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Lucas Jordan01:08:40

I am looking for cron/quartz like functionality that is idiomatic to the datomic cloud environment. Any suggestions? Thanks!


other than Clojure, are there JVM langs which .jar artifacts are primarily distributed as sources? (I mean for their ecosystems - .jars representing arbitrary libraries from their users. I'm less interested in .jars representing the compilers themselves) i.e. langs for which AOT distribution is less common, and a :classifier "sources" artifact will be quite redundant


is there a library or plugin that will change a [X.Y :refer :all] into a [X.Y :as xy] and then qualify all of the referred symbols to qualified symbols?


i have a project that exports a lot of symbols and it’s now reached the point where [game.core :refer :all] throws a MethodTooLarge error when compiling lol


are you sure just requiring it is the cause of this?


no, but i’m not sure how else this is happening


either way, seems like it’s better to qualify all of these symbols than try to refer them without thought, you know?


better for readability and clarity


can you start a new repl and do (require 'game.core) and see if you get the method too large error?


and yes i agree with you. i consider :refer :all an antipattern apart from clojure.test

Alex Miller (Clojure team)15:08:37

I don't get how :refer :all could cause that error


looking at it again, i think it’s actually my use of import-vars being too big (61 namespaces, 570 vars)


sadly, slamhound isn’t actively maintained anymore and fails on my project

Alex Miller (Clojure team)15:08:58

that seems far more likely

Alex Miller (Clojure team)15:08:01

also, don't use import-vars


Well, I'm not sure if the dislike is conceptual, or its because how Potemkin does it is unreliable (which it is), and doesn't play super well with tools


The issue with "put vars where you want them", is that overtime, there comes reasons to move a var elsewhere, and that's a breaking change, unless like with URLs, you could make the old-var a redirect. Potemkin lets you do that nicely. You can do (def a #'new/a) as well, but its at the Var level, so if you move a whole namespace, you kind of have to remember to keep going back and adding more vars into it. It's no a super big issue. Its come up with me where our team has a big library of Clojure functions, and we want to expose part of it as a lib for other teams to consume, but don't want them to need to pull in the big one we use. So you'd want to be able to create a separate lib that includes a selection of the namespaces from the big lib.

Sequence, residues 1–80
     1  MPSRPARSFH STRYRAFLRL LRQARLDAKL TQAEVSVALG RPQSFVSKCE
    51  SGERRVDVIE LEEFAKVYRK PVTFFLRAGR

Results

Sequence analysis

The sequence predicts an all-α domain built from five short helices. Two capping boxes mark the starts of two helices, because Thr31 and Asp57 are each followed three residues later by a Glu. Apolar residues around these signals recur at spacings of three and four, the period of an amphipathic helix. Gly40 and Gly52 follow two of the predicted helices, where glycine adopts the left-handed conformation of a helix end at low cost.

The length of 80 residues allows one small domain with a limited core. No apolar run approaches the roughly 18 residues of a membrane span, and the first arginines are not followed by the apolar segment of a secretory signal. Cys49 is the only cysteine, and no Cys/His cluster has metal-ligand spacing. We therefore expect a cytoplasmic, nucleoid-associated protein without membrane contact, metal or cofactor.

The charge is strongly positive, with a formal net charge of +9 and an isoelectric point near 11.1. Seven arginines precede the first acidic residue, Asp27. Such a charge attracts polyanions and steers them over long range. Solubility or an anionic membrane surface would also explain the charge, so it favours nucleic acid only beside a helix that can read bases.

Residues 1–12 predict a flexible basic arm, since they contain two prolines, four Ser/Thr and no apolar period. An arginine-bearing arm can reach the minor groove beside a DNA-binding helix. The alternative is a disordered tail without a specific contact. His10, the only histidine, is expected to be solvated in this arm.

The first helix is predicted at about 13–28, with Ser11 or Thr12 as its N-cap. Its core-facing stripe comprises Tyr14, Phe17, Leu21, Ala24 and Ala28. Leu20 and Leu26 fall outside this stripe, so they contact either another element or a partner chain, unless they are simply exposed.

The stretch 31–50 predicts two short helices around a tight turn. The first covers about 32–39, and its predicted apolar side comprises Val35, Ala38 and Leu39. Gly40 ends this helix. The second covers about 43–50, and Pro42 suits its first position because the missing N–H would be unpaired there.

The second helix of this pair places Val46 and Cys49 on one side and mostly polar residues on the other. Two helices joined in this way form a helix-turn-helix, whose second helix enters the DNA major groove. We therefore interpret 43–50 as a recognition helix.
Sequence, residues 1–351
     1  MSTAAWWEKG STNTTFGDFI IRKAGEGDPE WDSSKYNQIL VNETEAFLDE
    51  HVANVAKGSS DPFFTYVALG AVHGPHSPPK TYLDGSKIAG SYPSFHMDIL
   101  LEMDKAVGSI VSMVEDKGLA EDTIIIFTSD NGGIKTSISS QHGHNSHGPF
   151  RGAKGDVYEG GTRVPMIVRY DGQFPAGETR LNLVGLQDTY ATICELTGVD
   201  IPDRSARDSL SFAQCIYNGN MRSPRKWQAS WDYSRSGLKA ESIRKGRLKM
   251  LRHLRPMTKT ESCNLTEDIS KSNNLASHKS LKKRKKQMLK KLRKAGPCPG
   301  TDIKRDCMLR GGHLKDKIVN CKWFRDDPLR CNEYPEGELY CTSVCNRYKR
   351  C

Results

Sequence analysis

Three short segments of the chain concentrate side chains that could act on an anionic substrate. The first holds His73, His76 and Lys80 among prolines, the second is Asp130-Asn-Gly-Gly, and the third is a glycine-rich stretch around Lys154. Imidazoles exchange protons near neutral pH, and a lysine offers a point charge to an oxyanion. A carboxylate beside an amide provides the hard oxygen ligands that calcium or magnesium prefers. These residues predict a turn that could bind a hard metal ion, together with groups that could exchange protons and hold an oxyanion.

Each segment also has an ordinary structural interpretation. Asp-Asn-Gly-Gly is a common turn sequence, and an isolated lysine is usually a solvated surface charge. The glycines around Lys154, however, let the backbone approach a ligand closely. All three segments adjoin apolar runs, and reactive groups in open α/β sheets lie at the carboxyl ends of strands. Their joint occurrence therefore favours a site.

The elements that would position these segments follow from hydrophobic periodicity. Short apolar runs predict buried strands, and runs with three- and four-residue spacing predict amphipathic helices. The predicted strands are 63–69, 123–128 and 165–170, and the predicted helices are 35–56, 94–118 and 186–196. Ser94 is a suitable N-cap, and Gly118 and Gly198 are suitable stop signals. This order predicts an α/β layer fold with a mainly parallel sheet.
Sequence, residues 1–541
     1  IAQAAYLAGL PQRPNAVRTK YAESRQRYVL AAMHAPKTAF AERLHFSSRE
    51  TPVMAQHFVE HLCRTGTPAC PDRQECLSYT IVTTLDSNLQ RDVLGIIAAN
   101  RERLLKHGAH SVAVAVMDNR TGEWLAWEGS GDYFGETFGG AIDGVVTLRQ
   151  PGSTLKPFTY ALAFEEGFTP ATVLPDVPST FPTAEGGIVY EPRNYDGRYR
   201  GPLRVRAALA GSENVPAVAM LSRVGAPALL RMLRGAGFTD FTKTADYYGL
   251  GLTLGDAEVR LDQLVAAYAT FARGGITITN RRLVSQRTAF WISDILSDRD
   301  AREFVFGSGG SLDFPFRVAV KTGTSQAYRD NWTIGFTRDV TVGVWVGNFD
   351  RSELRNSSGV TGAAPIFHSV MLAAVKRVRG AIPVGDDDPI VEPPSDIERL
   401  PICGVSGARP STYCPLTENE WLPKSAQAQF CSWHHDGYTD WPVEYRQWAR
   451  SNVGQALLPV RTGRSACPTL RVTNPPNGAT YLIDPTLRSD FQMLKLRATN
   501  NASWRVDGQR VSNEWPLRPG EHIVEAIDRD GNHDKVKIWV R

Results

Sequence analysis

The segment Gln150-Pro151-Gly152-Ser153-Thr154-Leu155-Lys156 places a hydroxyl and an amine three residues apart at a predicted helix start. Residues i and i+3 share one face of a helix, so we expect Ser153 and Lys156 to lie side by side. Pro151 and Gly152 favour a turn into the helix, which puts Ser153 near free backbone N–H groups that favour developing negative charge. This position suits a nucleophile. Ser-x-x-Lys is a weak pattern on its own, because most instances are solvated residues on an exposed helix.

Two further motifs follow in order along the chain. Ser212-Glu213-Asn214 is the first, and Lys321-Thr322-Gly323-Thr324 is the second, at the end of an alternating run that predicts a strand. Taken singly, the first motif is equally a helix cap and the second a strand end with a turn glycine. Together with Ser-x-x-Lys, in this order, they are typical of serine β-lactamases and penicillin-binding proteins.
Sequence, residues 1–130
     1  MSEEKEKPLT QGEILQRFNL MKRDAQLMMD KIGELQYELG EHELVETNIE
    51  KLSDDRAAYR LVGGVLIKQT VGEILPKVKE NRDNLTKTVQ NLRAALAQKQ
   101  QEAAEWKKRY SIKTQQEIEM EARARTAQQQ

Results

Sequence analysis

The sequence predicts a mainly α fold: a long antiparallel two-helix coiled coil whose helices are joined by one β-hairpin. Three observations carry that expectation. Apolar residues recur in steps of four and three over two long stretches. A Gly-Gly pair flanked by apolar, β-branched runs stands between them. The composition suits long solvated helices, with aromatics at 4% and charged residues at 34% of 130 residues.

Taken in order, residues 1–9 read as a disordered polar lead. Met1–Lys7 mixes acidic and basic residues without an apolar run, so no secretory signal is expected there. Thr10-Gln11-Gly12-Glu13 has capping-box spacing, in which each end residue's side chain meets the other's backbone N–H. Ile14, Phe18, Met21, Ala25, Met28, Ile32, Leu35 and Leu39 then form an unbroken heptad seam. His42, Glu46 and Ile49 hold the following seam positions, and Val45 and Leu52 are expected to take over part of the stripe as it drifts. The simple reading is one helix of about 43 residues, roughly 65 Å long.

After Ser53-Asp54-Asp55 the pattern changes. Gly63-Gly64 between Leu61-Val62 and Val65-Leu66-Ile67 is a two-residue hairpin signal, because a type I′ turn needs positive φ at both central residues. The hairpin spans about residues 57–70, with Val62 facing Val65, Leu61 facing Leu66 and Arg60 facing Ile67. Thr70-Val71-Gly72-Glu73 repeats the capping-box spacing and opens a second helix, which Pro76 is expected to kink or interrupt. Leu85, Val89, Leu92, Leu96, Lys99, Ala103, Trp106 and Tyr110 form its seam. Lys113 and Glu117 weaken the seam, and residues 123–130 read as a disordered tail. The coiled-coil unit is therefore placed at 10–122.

Alex Miller (Clojure team)23:08:21

If refactoring to maintain compatibility was the use case, then I’d feel more amenable to it, but almost every use of import-vars I’ve seen was not that but a priori to make an api that collected things from elsewhere


That's possible, I guess Potemkin's readme kind of talks about using it for that. But I've personally only wanted it in the scenario I described 🤷


The use case I have seen is exposing an API from implementation namespaces.


hi, please advice if I need to implement something like this in clojure:

import java.sql.SQLData;

class Address implements SQLData {

  public String street;
  public String city;
  public String state;
  public String zip;

  public String getSQLTypeName() { 
    return "address";

  public void readSQL(SQLInput stream, String typeName) throws java.sql.SQLException { 
    street = stream.readString();
    city = stream.readString();
    state = stream.readString();
    zip = stream.readString();

  public void writeSQL (SQLOutput stream) throws SQLException { 

i should look into the defrecord? not sure tho how i can specify fields with types

Asko Nōmm20:08:18

Why is it that this code works:

(repeatedly #(let [files-in-dir nil]
                   (prn "new iteration")
                   (Thread/sleep 1000)))
Whereas if I actually try to read files in a directory like so:
(repeatedly #(let [files-in-dir (scan-files-in-dir "./")]
                   (prn "new iteration")
                   (Thread/sleep 1000)))
I get a error: "class clojure.lang.Atom cannot be cast to class clojure.lang.IFn"

Asko Nōmm20:08:52

The scan-files-in-dir function does not use any atoms. It only iterates over the result of (.list (io/file directory))


How do people typically use sente in webapps with many components when the sente handlers need access to those other components (such as a db)? Do you just have a routing function that assoc's into the sente event message all the needed components?